Ian Wilson-Pope on preparing to perform Wotan: "Finding the character"

Written By The Wagnerian on Friday, 4 May 2012 | 4:40:00 am

Fulham Opera's Wotan,  Ian Wilson-Pope,  is providing an unique opportunity for Wagnerians over at the "Ring Cycle micro site" as he takes us through - week by week -   how he works on developing and preparing  for the role of Wotan in their complete Ring Cycle. From" finding the character", to recordings and performers to whom he turns for inspiration, to the rehearsal method, to how one remembers that much German text!. This provides an unique insight into a process that none Wagner, or indeed opera performers, rarely get to see.


Reprinted below is part two: an insight to Ian's thoughts about who Wotan is, and how he develops throughout the course of the Ring. You can continue to read his insights each week by bookmarking the link below. And shortly, we will have an interview with Wotan himself.

On Learning Wotan… Part 2 – Finding the character


Apr 13, 2012

Last week I mapped out the role and gave some background on the musical pitfalls of a role of this size. This week I am thinking about the character of Wotan.

Of course, Wotan is really a much bigger role than he appears in “Die Walküre”, if you think about the other two operas he appears in, “Das Rheingold” and “Siegfried”. In learning each role separately, we gain more of an idea of where he has come from, as his character changes in each of the operas. In “Das Rheingold” for instance, he seems full of his own self-importance, slightly immature, vain, arrogant and also knowing that he ought to be doing the “right thing” but not doing so… In “Die Walküre”, we meet a man whose earlier actions are about to catch up with him, with quite catastrophic results. He’s still quite sure of himself (the Gods are now firmly established in Valhalla, and Wotan has subjugated all the races on earth: giants; dwarves and men), but he’s now concerned with how he can put right what he did (or didn’t) do in “Das Rheingold”.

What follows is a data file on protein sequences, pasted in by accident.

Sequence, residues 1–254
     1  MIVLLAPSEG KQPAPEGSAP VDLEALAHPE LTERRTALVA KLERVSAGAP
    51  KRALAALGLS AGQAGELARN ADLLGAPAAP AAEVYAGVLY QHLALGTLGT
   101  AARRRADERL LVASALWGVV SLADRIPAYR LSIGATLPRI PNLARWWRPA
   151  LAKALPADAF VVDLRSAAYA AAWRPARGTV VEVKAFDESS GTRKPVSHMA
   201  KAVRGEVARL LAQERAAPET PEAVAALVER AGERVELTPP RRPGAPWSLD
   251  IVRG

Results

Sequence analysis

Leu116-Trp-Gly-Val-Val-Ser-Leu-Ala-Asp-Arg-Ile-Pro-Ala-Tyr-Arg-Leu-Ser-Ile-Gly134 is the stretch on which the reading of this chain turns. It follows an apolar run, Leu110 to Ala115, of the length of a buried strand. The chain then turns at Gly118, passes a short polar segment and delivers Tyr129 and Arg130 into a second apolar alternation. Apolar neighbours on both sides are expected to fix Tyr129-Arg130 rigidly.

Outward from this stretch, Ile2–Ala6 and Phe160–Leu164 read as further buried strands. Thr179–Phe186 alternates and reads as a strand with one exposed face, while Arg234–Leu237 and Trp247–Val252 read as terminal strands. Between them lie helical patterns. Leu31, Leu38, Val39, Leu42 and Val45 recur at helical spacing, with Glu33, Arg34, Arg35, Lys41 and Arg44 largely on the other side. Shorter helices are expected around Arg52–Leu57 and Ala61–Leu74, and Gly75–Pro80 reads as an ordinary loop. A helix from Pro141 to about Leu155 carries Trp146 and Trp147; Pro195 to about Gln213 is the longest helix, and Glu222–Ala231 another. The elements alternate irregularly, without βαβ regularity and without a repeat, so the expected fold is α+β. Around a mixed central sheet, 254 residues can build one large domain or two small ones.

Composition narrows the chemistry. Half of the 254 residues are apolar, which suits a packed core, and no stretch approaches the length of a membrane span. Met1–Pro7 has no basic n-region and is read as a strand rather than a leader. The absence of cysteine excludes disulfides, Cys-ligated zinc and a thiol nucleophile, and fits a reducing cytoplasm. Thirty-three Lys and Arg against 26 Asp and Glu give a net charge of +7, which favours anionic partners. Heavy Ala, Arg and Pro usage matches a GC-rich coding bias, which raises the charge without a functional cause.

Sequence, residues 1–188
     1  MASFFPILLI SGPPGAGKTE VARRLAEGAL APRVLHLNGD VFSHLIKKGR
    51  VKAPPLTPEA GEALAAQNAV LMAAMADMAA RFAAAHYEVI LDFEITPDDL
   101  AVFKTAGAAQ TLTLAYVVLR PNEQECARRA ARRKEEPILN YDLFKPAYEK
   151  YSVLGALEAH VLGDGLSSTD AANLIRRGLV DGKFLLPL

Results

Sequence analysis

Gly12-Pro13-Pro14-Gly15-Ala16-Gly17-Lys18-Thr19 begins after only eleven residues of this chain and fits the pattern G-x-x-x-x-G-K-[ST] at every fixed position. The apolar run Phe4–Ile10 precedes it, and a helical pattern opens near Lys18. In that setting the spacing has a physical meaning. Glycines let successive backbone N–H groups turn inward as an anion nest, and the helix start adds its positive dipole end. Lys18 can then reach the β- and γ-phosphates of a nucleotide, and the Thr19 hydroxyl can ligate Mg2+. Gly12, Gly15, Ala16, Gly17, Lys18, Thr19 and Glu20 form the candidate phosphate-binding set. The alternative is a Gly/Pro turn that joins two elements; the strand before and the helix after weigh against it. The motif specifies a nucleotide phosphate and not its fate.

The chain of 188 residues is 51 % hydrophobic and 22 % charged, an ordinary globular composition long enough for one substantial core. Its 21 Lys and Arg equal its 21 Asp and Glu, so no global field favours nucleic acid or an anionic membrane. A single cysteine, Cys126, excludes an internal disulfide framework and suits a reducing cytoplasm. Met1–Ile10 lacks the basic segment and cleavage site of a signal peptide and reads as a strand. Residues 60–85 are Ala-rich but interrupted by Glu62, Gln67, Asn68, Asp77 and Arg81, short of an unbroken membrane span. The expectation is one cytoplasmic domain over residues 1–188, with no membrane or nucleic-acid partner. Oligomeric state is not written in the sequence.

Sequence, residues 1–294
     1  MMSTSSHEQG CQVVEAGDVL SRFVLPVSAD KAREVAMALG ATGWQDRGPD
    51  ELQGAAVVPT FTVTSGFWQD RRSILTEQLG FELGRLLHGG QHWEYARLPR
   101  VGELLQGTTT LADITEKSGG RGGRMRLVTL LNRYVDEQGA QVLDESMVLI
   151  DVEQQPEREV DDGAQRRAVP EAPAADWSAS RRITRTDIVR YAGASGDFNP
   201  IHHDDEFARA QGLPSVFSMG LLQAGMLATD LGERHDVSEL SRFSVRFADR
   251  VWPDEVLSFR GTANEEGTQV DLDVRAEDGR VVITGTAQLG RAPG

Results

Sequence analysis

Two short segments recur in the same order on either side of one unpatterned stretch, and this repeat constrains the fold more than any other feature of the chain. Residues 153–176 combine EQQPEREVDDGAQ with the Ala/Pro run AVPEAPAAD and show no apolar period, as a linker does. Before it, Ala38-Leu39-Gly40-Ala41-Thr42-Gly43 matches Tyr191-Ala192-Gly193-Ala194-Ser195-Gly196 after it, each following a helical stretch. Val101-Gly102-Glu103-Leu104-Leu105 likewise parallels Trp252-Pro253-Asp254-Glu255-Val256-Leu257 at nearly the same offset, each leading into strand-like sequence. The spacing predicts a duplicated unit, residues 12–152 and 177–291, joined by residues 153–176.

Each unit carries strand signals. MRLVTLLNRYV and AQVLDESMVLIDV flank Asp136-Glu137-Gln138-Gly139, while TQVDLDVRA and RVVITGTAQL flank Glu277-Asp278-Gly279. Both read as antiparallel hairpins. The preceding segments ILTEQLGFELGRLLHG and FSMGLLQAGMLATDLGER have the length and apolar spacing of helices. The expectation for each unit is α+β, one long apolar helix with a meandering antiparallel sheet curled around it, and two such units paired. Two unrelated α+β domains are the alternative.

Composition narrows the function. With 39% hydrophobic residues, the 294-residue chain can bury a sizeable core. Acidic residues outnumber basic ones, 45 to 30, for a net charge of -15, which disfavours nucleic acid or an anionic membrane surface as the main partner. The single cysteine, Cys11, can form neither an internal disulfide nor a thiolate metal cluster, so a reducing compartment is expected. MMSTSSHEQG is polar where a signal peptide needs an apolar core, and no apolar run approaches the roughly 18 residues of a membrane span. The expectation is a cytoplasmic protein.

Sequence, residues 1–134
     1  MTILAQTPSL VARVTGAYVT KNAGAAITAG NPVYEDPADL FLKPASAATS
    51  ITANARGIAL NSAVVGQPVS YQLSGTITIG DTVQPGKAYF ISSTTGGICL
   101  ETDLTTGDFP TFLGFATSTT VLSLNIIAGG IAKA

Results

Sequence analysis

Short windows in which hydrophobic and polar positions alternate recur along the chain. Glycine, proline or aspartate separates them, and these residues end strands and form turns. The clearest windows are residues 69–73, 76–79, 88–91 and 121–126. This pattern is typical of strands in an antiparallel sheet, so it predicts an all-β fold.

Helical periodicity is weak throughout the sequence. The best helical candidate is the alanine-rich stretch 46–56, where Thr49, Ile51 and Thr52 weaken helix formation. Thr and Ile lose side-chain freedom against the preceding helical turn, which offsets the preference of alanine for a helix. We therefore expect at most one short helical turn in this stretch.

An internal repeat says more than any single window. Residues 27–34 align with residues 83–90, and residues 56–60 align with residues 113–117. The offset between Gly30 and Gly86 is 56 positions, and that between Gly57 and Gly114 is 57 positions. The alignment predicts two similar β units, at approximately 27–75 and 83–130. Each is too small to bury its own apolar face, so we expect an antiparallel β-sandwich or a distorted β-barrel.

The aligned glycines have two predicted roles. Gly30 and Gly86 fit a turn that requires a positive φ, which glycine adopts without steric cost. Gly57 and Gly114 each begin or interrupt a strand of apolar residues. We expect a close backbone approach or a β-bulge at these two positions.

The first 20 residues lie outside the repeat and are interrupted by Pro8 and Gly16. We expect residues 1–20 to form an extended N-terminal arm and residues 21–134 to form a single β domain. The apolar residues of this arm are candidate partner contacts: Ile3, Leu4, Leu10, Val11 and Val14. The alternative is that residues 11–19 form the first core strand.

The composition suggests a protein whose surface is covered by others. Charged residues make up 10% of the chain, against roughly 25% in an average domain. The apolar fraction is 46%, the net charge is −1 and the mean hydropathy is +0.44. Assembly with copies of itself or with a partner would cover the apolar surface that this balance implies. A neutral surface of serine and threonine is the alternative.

A bit of filler for those of you not so familiar with the story. Having promised his wife’s sister Freya (Goddess of Love) as payment to the giants Fasolt and Fafner in exchange for them building him Valhalla, Wotan is tricked by Loge into finding an alternative: Alberich the Nibelung dwarf’s gold, which he cursed love to obtain from the river Rhine and the Rhinemaidens. From this gold Alberich made a magic ring with the power to rule the world, and this too, Wotan tricked Alberich into giving him, but the giants then demanded this as part of their payment. Warned by the ancient earth goddess Erda to flee the curse Alberich placed on the ring when Wotan tricked him, he reluctantly gives it to the giants, and Freya is restored to the Gods. Alberich is building up an army to gain back the ring and destroy the Gods, and having sought out Erda and learned of the end of the Gods, Wotan now seeks to ensure that Alberich should never get the ring back, for if so he would destroy everything Wotan has created. But he’s now stuck in a dilemma: Wotan cannot take the ring from Fafner, (who slew his own brother and now lives as a dragon in the forest), as the ring and all the gold was payment to the giant for building Valhalla. So, he needs a free hero to kill Fafner and take the ring. But, he cannot create a free hero, because everything he creates is part of himself, therefore a slave to Wotan. He deceives himself that Siegmund, his son by a mortal woman will be this free hero, but when his wife Fricka demands justice for the marriage vows of Hunding, (who is married to Sieglinde, Siegmunds twin – and the twins have eloped as lovers!), he has to concede that Siegmund can never be that free hero.